As House Republicans vented about the Senate’s failure to repeal Obamacare at a private meeting Friday morning, one member suddenly stood up to pin the blame on someone else entirely: President Donald Trump.
Rep. Dave Trott shocked the room when he said the president had been unhelpful on health care, according to sources at the meeting. The second-term Republican from Michigan worried aloud that constant White House infighting was distracting from the Republican agenda — and he said he felt the president could have done more to get the bill across the finish line.
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Trott was simply vocalizing what’s on many members’ minds already, even if few say so publicly for fear of retribution. Hill Republicans are increasingly worried that Trump’s penchant for drama — and the constant bickering in the West Wing — is going to crush their agenda.
This week, for instance, Republicans would have preferred to see the president spend more time shepherding the Senate’s floundering repeal effort rather than knocking Attorney General Jeff Sessions, several told POLITICO. As for Trump’s new communication director, Anthony Scaramucci, Hill Republicans were dumbfounded by his comments earlier this week attacking now-former chief of staff Reince Priebus and chief strategist Steve Bannon.
The drama continued into Friday, when Priebus resigned days after Scaramucci called him, in an interview with The New Yorker, a “f—— paranoid schizophrenic” and accused him of trying to “c— block” him in the West Wing. All that came after press secretary Sean Spicer’s departure, which was also triggered by Scaramucci’s arrival and the ongoing war within the White House.
“There’s a level of conversation coming out of the White House of the likes of which nobody has ever seen before,” said Rep. Mark Sanford (R-S.C.), who seconded Trott’s comments during the closed-door GOP conference meeting. “And so, as a consequence, not only do you have the normal impediments to legislative change, but you’ve got additional impediments that are self-created within the White House that impedes the president’s ability to lead.”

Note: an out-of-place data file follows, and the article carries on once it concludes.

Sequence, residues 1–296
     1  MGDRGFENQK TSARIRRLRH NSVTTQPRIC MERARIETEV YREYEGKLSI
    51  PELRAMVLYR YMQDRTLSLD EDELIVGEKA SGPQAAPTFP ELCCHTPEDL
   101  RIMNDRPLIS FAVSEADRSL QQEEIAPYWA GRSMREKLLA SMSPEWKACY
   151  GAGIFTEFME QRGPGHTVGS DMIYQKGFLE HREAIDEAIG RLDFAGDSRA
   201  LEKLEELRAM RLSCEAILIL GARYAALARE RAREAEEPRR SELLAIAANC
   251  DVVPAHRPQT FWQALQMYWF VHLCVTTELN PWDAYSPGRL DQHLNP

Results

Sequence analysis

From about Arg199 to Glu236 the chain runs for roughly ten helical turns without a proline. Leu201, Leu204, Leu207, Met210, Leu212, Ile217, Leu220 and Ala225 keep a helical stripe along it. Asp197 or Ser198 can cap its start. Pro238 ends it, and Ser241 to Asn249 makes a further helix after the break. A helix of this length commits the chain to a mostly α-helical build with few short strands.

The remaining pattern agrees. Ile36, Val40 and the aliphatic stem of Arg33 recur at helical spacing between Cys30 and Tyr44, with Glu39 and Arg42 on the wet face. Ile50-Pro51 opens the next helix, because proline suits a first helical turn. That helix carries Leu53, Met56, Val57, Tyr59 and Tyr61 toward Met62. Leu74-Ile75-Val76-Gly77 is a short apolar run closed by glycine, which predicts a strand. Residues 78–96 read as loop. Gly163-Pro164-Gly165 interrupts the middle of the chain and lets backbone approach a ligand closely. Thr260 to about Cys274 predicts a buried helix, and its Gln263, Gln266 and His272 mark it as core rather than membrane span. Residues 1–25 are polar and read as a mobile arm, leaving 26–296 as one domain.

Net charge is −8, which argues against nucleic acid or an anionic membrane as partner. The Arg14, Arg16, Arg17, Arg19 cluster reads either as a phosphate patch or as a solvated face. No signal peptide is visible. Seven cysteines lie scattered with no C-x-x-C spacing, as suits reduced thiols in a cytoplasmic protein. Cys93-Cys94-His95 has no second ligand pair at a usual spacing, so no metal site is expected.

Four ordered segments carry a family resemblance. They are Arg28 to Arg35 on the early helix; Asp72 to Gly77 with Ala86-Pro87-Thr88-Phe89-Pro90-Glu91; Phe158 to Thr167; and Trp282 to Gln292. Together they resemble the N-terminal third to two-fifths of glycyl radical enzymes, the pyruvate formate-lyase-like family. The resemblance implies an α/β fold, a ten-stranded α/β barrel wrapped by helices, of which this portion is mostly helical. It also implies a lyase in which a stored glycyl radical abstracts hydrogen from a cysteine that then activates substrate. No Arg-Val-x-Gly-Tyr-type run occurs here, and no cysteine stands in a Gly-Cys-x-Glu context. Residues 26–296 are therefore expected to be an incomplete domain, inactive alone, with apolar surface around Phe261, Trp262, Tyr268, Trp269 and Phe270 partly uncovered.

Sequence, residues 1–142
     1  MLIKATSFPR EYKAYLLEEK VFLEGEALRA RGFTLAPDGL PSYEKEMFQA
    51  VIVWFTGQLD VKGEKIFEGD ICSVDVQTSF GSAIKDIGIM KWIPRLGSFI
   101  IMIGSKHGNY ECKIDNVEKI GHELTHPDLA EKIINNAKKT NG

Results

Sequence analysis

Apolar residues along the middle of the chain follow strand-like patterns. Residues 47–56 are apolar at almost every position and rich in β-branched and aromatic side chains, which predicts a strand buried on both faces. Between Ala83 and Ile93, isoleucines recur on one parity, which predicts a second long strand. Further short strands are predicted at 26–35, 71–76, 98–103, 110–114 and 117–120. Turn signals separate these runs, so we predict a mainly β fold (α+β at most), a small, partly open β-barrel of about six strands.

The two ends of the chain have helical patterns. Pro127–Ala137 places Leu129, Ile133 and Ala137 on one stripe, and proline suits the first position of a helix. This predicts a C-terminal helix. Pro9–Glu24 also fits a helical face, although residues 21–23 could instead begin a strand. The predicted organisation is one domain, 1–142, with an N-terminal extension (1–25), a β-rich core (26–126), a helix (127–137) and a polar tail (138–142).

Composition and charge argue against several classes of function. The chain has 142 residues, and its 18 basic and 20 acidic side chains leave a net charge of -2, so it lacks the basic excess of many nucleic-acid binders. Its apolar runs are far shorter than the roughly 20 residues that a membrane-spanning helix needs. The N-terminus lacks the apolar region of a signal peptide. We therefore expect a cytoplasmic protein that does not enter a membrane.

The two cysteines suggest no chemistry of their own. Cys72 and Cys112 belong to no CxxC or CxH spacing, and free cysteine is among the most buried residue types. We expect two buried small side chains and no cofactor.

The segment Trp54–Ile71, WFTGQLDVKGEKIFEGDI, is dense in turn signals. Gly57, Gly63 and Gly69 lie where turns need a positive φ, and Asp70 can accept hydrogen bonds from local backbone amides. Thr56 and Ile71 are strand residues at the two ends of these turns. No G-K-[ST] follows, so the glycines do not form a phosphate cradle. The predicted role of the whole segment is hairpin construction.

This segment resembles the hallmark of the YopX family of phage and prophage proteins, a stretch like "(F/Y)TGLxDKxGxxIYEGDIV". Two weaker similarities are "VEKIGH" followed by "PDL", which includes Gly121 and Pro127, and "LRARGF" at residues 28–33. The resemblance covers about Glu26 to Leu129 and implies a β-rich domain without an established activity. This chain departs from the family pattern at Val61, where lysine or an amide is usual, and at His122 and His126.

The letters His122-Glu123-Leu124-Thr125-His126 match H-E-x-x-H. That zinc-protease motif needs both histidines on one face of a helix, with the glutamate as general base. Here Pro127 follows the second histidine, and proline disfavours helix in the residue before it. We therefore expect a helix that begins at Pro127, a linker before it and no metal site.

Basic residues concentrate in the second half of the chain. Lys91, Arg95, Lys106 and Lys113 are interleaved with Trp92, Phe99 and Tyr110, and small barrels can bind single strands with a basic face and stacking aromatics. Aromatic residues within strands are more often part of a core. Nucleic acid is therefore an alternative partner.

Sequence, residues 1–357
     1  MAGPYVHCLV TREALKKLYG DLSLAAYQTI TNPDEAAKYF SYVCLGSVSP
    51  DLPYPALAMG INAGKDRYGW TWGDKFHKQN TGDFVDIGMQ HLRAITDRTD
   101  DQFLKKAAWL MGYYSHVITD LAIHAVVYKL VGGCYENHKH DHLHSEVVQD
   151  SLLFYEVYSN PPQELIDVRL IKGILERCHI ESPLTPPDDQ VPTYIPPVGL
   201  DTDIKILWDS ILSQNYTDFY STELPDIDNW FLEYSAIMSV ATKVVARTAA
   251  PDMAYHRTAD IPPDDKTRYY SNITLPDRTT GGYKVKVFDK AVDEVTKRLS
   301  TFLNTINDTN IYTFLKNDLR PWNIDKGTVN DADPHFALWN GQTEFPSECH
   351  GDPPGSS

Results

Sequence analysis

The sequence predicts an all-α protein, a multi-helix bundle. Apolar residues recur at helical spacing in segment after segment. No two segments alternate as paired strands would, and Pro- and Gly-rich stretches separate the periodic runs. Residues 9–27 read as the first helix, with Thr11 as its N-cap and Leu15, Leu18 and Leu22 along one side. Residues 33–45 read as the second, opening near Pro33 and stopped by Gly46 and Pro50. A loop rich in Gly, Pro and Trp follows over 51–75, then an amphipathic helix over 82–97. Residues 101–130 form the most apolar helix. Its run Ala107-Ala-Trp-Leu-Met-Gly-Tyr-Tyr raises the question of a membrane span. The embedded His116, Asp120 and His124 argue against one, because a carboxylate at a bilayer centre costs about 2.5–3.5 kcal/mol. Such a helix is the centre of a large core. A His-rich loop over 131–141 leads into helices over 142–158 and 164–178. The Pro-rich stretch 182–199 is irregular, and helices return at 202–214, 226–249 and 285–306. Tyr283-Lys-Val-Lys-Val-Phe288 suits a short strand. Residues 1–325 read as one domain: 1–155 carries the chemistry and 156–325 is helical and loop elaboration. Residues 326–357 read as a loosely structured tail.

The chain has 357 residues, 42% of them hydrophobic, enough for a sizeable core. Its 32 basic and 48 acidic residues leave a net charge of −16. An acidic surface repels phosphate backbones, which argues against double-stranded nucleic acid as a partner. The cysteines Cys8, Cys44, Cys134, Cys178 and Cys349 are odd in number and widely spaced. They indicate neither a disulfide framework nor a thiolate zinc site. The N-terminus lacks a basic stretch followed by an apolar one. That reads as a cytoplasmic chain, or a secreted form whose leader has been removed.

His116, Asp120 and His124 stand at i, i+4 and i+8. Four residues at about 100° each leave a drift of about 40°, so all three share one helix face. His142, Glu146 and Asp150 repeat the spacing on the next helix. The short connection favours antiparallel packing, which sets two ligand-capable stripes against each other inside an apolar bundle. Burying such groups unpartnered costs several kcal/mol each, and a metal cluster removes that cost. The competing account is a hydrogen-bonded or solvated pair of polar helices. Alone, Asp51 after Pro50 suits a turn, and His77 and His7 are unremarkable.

Of course, Sanford has never been a Trump fan. The president, through budget director Mick Mulvaney, threatened to recruit a primary challenger against him if he voted against the House’s health care bill this spring. Sanford ultimately backed the bill.
But nowadays, Sanford is far from the only Republican criticizing the White House’s dysfunction. Two weeks ago, House Oversight Committee Chairman Trey Gowdy (R-S.C.) fumed that the White House’s ongoing drip-drip in the Russia scandal was distracting from Republicans’ message.
Speaking to a gaggle of reporters off the House floor Friday before Priebus’ departure was announced, Sanford said he agreed with Trott’s comments, though he did not mention Trott by name.
“That which is weird is getting weirder at the White House,” Sanford continued. “The new [communications director] has said things that are bizarre by any standards. And, consequently, they get covered … things that have nothing to do with improving people’s lives.”
A Trott spokesperson said the congressman is exasperated by the gridlock in Washington.
“It feels like every time the House passes substantive legislation to better the lives of the American people it fails to come to fruition,” the spokesperson said. “There’s plenty of blame to go around, but Rep. Trott is focused on finding consensus and uniting the party so he can deliver real solutions for his constituents.”
Some Republicans are frustrated with Trump, not just his staff.
They felt he should have spent more time talking about health care than tweeting about Hillary Clinton’s email practices. They also believe his comments about the Russia controversy make the matter only more prominent in the headlines.
Rep. Charlie Dent, a moderate Republican who voted against the House repeal bill, said the health care effort was doomed from the start — in part because of Trump. The president, he argued, “never really laid out core principles and didn’t sell them to the American people.”
“Usually the executive has to provide a plan and go out and sell it,” he said. “It was never really sold.”